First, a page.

So what new light do these “covers” shine upon Montaigne and the essay? Perhaps the most startling answer comes from Robert Atwan’s response to Montaigne’s “On Some Verses of Virgil.” He opens with the observation, “Personal essayists continually test the boundaries of shame and embarrassment.” This very testing is Montaigne’s most enduring legacy, since he inaugurated the naked, unadorned exploration of the self in his Essais. All of the contributors to After Montaigne write after that legacy. But Atwan’s essay also reveals how familiar, even commonplace, Montaigne’s once-revolutionary mode has now become. To mirror Montaigne’s embarrassing self-disclosures on sexuality and old age, Atwan must take recourse to quoting his own (self-professedly) bad poetry. He rightly senses that prose—even prose like Montaigne’s, confessing to a small penis or failed affairs—will no longer shock today’s readers. We’ve become desensitized to personal confessions in the personal essay. So Atwan’s contribution, in moving beyond the genre of the essay to achieve its ends, reveals both the lure and limits of Montaigne’s legacy in our moment.
Montaigne forged the essay into a genre for personal revelation and, for this innovation, he now inspires anthologies like After Montaigne. Yet paradoxically, this anthology—through both its most and least compelling pieces—hints at how the essay might now need to move beyond Montaigne’s style of confession and digression in order to channel his innovative spirit and, once again, feel “vascular and alive.”
Kristin LeMay’s book I Told My Soul to Sing: Finding God with Emily Dickinson is available from Paraclete Press. Her translation of François Bovon’s Last Days of Jesus was published by Westminster/John Knox Press. Her writing has appeared in TriQuarterly, Essay Daily, Harvard Theological Review, The Cresset, and other magazines.
October 3, 2015 § 6 Comments
From our friend Erica Trabold:
45th Parallel, a literary magazine affiliated with Oregon State University’s MFA program, seeks nonfiction submissions for its premiere issue. Submissions will remain open until December 1, 2015, and selected pieces will be published in spring 2016.
What’s the 45th Parallel? The 45th Parallel, the halfway point between the Equator and the North Pole, marks the Earth’s in-between space. 45th Parallel, too, indulges in in-betweenness — the convergence of seemingly disparate content, forms, genres, and styles. Great art tends to reject strictly defined categories. Great art is what we’re after.
What kind of nonfiction do you hope to publish? 45th Parallel considers all forms of creative nonfiction, previously unpublished, between 500-5,000 words. Researched or personal, memoir or essay, hybrid or true to form, our editors are especially interested in reading your obsessions, your edges, your prosy darlings—nonfiction with a sense of the in-between.
What’s your earliest childhood memory? Crammed into a back booth in a wooden bar talking about how we should start a lit mag. There were pretzels.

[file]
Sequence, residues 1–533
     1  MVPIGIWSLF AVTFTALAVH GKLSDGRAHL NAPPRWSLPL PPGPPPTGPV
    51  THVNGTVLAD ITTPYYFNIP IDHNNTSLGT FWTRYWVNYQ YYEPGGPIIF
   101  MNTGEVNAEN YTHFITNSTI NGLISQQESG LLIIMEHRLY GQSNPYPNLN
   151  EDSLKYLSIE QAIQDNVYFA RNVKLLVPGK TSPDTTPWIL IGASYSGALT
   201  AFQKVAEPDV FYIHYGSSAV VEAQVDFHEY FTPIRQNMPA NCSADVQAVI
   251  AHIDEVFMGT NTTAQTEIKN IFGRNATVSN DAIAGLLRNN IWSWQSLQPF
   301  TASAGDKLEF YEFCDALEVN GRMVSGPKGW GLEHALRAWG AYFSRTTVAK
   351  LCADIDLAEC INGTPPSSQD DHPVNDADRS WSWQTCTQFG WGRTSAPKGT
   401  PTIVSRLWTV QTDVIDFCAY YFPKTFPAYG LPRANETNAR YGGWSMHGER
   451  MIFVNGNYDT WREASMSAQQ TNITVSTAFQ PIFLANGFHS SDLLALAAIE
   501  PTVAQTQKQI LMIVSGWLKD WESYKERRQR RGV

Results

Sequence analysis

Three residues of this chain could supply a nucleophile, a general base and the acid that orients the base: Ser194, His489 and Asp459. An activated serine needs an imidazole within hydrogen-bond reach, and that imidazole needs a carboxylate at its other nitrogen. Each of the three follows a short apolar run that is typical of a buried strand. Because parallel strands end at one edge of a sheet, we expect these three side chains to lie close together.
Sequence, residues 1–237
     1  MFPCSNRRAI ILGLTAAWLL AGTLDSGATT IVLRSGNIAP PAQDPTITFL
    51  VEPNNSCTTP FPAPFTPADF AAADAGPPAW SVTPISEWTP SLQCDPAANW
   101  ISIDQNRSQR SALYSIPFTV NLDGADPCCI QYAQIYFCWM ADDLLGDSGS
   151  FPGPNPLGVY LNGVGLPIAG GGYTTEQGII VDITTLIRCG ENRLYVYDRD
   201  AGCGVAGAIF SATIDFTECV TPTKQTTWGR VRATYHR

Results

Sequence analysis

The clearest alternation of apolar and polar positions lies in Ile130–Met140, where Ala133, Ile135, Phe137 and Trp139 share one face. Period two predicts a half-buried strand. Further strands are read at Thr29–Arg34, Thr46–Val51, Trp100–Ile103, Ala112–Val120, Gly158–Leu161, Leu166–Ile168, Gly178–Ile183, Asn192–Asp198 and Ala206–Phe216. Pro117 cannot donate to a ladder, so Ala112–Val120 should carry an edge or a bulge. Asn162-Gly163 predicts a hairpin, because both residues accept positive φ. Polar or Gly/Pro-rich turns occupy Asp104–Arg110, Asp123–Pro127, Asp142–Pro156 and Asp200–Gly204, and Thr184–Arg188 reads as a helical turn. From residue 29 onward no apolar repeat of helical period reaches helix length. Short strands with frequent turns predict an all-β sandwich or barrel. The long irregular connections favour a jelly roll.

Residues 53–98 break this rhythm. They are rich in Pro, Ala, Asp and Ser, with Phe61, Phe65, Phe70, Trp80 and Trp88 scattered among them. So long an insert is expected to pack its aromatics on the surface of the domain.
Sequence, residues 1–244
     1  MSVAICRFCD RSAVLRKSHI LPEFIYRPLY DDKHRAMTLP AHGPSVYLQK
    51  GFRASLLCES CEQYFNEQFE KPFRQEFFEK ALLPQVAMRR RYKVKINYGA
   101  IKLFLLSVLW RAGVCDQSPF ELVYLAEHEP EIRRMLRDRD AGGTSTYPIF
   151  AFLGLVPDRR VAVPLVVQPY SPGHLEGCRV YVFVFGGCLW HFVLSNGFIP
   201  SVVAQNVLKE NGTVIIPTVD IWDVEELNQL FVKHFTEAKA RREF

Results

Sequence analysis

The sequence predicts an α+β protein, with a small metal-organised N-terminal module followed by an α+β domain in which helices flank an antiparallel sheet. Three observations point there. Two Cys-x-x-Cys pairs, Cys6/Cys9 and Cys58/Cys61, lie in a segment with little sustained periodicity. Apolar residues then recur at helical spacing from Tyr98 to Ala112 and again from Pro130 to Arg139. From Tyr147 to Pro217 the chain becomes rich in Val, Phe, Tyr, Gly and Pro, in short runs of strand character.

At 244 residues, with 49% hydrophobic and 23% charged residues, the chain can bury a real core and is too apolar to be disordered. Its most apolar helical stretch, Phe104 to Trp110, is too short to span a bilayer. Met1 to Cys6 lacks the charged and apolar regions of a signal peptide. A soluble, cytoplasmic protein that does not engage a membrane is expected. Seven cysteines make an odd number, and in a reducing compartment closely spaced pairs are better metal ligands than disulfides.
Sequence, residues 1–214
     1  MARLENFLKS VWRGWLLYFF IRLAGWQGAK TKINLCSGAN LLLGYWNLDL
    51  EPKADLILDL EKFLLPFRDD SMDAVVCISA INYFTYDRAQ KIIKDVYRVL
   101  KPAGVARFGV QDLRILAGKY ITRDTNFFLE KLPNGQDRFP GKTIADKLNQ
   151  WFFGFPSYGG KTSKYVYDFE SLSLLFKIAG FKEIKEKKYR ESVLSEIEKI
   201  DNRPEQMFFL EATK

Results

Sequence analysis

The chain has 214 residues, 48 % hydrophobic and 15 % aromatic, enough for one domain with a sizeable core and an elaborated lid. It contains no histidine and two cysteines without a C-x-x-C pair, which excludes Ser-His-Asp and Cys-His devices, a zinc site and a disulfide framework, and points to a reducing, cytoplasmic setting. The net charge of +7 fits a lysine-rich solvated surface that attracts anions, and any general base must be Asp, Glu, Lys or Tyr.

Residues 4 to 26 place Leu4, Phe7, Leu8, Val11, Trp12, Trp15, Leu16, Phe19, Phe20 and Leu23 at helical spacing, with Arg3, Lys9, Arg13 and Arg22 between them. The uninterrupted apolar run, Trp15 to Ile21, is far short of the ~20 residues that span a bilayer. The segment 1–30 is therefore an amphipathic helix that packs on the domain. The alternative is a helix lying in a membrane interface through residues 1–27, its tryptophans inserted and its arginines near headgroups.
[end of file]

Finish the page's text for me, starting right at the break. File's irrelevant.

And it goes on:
Where can writers submit work? Here, of course: http://45thparallelmag.com/
Do you charge a fee? No fee. Completely free.
October 2, 2015 § 15 Comments
A guest post from Kate Parrish:
Earlier this week I read through an online exchange between a few people who I look up to and admire expecting to find one set of opinions but finding something else altogether, something that made me sad, disheartened, and a little surprised. Rather than spend time going into the dangers of putting people on pedestals, having expectations that other people’s opinions will align with yours, or the hazards of online discourse in which, oftentimes, tone and additional context are absent, I’ll just say it gave me some food for thought about the role I play in my own life. The specifics of the exchange aren’t important but the takeaway, as I read it, was perhaps some people dream too big (dream too unrealistically—can that be a thing?) and would possibly be wise not to.
This summer I attended a writers’ conference in Sewanee, TN and sat in a lecture by Allen Weir, a writer from Texas. It was a craft lecture on writing fiction. I don’t write fiction and used that as an excuse to only half-listen while I wrote and re-wrote a list of things to do. Then I heard him say these words, almost as an aside, “TGIF: our culture’s saddest saying.” That we live in a society awaiting the 5 o’clock bell on Friday afternoons was disconcerting to him. It’s disconcerting to me.
I’ve worked plenty of jobs where the greatest perk was that I got to leave on Friday afternoons and not return until Monday morning. I’ve spent years getting the Sunday Blues, the Sunday Sadness, whatever you want to call that sinking feeling that creeps in around 5 p.m. on Sunday nights reminding you that life isn’t what you want it to be. I know the Monday Blues, the Tuesday Blues, the Wednesday, Thursday, Saturday Blues. I know the Waiting for Life to Start Blues and the Waiting for Life to End Blues. So, sure, Thank Goodness It’s Friday can feel like a relief.
But living for Friday isn’t living. At least it isn’t for me. I can’t wait for Friday and I can’t wait for someone to co-sign on my dreams, no matter how big or small they are, realistic or unrealistic. Monday can be Friday. Wednesday can be Friday. Any day can be Friday because Friday is just a name. It’s just a series of letters smashed together to form a word. Friday isn’t a lifestyle, it isn’t a state of mind. Friday isn’t the starting line to 48 hours of freedom, to pursuing hobbies or passions, to catching up with friends and family, or let’s be honest, a laundry list of errands and obligations. When I’m living for Friday, I’m dying six other days a week.